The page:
Do Not Let Your Hearts Be Troubled

In Light of John 14: Do not let your hearts be troubled

Many things both sober and scare me about the character of private and public dialogue in our culture. On the sober side is the feeling of loss of margin around topics of clear significance, little room for nuance which could possibly open up a range of territory and where conflict could turn into meeting ground.

When I was taking my voice lessons sixty years ago, my vocal coaches were clear about certain non-negotiables in producing tone, pitch and range. These things laid the foundations. They encompassed both practice and technique and they took time. Whatever happened thereafter would be in direct relation to how, by talent, energy, and the grace of God I would actually begin to make music. These intangibles I could add when I dared give room for something larger than embellished right notes. As I grew older the more I realized that mostly it was the Spirit that gave me liberty that would move me to be inclusive of many voices and nudges of perceptive enlargement, even revelations inspiring.

What scares me is that our frenetic times have hatched a broad culture of political, social, and spiritual entities , each bound in rigidity and exclusivity, each systematically entrenched in their tightly rehearsed “right notes” more often than not ignorant or at least oblivious to the “music” they are keeping off stage. Sadly, I see it a lot in church. I keep asking if there is no minimal common longing for something as universal as moral compass where nuance might make us more inclusive, helpful and even friendly.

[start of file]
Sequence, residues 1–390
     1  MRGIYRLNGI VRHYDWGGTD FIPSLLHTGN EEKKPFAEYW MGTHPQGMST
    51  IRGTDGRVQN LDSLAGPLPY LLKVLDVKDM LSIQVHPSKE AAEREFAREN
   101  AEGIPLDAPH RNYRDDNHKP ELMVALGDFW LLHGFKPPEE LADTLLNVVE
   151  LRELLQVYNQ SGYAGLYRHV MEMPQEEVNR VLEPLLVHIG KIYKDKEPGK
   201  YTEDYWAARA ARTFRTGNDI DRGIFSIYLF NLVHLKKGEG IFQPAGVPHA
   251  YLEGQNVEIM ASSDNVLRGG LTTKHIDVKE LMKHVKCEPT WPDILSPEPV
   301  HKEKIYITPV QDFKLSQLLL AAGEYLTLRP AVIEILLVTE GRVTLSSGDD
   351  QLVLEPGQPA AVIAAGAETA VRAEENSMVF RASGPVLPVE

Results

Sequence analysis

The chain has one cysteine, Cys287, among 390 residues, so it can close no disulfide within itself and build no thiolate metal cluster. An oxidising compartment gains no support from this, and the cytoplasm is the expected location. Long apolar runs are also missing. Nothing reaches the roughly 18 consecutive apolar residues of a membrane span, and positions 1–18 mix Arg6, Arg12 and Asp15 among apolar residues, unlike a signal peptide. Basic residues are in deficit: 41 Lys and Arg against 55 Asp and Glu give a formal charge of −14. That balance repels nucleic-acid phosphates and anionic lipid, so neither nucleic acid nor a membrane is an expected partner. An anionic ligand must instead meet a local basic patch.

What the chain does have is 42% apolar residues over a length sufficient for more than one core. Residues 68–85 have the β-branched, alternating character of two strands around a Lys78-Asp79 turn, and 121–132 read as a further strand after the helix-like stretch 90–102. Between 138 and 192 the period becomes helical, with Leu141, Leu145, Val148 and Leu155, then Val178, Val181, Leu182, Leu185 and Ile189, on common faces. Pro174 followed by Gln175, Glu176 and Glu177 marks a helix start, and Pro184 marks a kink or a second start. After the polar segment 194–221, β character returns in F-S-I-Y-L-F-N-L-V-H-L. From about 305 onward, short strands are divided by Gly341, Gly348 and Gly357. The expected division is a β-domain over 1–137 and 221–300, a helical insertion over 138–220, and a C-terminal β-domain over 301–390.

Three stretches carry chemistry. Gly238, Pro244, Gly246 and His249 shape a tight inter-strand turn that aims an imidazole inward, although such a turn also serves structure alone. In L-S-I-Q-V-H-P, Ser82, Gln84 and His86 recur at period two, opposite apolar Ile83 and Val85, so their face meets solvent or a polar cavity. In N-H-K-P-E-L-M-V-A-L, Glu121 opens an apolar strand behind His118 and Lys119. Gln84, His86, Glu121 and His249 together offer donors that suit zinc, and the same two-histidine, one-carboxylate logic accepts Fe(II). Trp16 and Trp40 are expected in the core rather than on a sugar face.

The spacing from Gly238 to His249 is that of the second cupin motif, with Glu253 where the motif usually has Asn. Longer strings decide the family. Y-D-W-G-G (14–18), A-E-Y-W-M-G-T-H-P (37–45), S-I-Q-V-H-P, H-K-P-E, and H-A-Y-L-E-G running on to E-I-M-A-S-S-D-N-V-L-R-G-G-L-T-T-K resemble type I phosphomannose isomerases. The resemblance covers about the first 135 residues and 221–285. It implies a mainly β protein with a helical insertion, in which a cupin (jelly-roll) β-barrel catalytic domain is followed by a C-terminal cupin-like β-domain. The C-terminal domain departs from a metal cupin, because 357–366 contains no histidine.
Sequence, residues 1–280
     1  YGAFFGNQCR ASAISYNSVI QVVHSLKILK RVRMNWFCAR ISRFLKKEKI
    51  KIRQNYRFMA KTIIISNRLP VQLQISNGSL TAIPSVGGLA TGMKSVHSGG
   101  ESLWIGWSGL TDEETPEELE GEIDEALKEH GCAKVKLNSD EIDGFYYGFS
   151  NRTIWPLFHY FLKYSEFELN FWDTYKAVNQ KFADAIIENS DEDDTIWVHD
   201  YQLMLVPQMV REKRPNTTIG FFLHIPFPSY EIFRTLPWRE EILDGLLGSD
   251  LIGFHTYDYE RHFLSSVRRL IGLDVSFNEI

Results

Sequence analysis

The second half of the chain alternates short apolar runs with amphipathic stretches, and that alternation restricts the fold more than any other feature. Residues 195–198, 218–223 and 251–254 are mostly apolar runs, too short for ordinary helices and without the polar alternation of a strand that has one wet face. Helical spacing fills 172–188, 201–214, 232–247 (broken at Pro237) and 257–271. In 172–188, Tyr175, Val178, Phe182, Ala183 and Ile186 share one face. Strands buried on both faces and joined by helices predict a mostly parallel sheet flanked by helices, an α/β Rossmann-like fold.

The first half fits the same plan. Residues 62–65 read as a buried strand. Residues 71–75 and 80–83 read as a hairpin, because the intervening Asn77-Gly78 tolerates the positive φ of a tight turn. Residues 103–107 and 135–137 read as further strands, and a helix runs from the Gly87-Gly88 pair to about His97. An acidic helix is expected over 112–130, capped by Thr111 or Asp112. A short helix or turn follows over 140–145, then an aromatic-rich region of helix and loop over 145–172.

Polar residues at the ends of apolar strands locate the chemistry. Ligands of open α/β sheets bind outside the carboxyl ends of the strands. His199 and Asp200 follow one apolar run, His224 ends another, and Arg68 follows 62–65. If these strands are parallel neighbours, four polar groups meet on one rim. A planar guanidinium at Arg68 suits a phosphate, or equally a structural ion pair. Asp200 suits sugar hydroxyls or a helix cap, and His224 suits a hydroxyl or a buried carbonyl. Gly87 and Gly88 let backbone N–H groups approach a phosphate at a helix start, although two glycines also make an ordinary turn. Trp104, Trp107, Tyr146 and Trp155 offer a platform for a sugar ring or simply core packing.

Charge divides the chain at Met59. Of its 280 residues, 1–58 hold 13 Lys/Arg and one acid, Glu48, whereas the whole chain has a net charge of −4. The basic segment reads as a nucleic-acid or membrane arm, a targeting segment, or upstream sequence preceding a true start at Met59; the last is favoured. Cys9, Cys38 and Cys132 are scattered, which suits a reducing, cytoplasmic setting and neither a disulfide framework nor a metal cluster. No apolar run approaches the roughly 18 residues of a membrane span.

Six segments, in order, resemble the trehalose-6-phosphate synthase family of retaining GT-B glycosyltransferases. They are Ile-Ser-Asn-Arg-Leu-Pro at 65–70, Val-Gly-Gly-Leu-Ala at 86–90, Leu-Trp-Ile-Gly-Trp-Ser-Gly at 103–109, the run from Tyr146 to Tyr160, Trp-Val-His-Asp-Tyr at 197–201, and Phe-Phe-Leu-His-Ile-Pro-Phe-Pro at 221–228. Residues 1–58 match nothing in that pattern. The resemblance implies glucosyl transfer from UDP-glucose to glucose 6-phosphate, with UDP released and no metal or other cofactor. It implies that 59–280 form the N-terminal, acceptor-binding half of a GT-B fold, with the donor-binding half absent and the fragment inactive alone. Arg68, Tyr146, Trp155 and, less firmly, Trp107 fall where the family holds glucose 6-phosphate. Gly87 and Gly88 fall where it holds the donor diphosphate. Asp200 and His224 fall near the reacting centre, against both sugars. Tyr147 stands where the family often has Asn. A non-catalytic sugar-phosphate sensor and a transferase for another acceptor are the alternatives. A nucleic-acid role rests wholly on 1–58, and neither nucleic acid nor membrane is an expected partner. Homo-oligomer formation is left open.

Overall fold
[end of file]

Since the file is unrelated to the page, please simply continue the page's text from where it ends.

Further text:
My heart sings today because John 14, rich in gospel “music,” where often metaphor and inspired word nuance enrich the wonder of great truths. John’s style offers the possibility that God’s mercy in redeemer Jesus opens all kinds of wonder about the great song of rescue, deliverance, and eternal assurance by the sheer magnitude of his giving us an imaginative world of bright colors and fascinating tongues finding redemption in the ways and means appropriate to all the corners of his realm. God has not been paralyzed by offering our own culture, our Savior Jesus.

I love the way Brennan Manning has expressed it often. He asks us not to apply to the heart of Jesus (who said, “he who has seen me has seen the Father” or “I am the way, the truth, and the life”) the measure of our own stingy hearts, narrow, mean and hard–making him and God fussy, sort of like us at our worst moments. At one point, Manning says, “. . . in God we find welcoming love, unconditional  acceptance, a relentless eternal affection that so far exceeds our human experience that even the passion and death of Jesus is only a hint of the Father’s love. The very substance of our faith is the unwavering confidence that beyond this hint lies love beyond measure.”

My observation is that smallness and rigidity in faith posture is a response to human fear, attractive to some, sometimes, because it meets a tight security need found in “right notes” only. This kind of exclusion of ideas and persons makes absolute something that is humanly manufactured, seemingly solid, putting God is a box, one who cannot surprise us anymore.

I am singing today a song of “the way of Jesus,” whose way of unconditional love, eternal kindness, care of the broken, and love of the other, even the enemy, is “the way to the Father.”

Don’t you love it, too?

Rev. Dr. A. R. Arthur Nelson

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